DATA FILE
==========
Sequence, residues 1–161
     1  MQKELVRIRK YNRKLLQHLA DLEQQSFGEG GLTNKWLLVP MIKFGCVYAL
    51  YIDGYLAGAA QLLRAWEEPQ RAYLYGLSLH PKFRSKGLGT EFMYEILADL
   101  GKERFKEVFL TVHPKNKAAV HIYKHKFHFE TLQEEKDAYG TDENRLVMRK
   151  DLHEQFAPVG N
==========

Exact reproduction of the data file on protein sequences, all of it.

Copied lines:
Sequence, residues 1–161
     1  MQKELVRIRK YNRKLLQHLA DLEQQSFGEG GLTNKWLLVP MIKFGCVYAL
    51  YIDGYLAGAA QLLRAWEEPQ RAYLYGLSLH PKFRSKGLGT EFMYEILADL
   101  GKERFKEVFL TVHPKNKAAV HIYKHKFHFE TLQEEKDAYG TDENRLVMRK
   151  DLHEQFAPVG N